Force Majeure

Ski resorts are ripe screen territory, having set the scene for Swiss drama Sister by Ursula Meier (no relation – probably), British rom-com Chalet Girl (never seen it) and the South Park episode ‘Asspen’. Now, Swedish comedy/drama Force Majeure chooses an Alpine ski resort as the setting for the family holiday from hell.


Wincingly original, Force Majeure (in my head it’s Force Midge Ure) sees an awful family torn apart by a controlled avalanche. It’s a pretty stifling viewing experience, but completely rewarding. The performances are brilliantly observed, particularly Johannes Bah Kuhnke as the feckless father – a Swedish Kiefer Sutherland.


Kiefer Sutherland

kiefer-sutherland-sofia-karstens (1)

Johannes Kuhnke

Writer/director Ruben Östlund painfully captures the power of an incidental moment, and how a throwaway comment can rob you of nights and nights of sleep. At its most brutal, this is like watching a couple you’re friends with having a massive row.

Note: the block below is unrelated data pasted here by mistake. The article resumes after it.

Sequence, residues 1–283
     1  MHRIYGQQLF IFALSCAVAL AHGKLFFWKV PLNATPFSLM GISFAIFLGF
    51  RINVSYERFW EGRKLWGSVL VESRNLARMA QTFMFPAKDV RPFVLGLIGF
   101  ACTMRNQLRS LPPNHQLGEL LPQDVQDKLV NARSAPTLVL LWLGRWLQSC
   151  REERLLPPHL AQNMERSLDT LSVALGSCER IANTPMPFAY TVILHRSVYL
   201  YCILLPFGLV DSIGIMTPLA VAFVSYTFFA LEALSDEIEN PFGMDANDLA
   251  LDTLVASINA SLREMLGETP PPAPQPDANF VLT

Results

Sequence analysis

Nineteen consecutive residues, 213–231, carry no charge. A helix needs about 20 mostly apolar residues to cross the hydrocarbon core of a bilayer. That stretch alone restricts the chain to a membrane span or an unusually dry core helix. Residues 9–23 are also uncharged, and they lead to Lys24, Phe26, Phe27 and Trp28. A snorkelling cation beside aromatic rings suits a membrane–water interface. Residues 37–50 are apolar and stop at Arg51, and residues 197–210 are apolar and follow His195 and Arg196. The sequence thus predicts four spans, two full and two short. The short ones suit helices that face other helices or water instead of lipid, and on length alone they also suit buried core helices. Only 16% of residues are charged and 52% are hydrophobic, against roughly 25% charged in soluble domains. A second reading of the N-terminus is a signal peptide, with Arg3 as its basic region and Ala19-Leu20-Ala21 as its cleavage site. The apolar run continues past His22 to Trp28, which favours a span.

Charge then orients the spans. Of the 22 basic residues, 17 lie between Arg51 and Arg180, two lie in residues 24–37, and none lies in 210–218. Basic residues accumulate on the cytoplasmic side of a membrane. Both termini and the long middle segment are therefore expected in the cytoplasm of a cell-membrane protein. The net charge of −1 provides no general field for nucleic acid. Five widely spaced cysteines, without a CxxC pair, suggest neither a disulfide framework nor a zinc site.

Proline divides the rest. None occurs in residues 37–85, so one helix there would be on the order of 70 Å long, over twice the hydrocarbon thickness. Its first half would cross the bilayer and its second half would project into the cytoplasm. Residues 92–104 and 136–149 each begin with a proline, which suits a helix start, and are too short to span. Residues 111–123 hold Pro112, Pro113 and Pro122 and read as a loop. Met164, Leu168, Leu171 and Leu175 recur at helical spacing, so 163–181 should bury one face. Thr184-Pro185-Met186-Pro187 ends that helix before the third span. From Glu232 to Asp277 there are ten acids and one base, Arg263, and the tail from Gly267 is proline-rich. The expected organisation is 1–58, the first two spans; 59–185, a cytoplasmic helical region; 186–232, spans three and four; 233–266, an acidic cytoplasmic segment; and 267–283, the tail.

The film also features an inspired use of sound including Vivaldi’s Concerto No. 2 in G Minor, stunning shots of Alpine landscapes, and some of the most squirm-inducing dining scenes since that one in Ridley Scott’s Hannibal where Anthony Hopkins feeds Ray Liotta a slice of his own brain.

Funny and traumatic in equal measure, Force Majeure is a knuckle-gnawingly entertaining musing on family and masculinity. As chilly as its Alpine setting, the film strikes a raw nerve and coolly hits home. Imagine a sitcom set in The Shining‘s Overlook Hotel and you’re halfway there.


One response to “Force Majeure

  1. Pingback: Elle | Screen Goblin·

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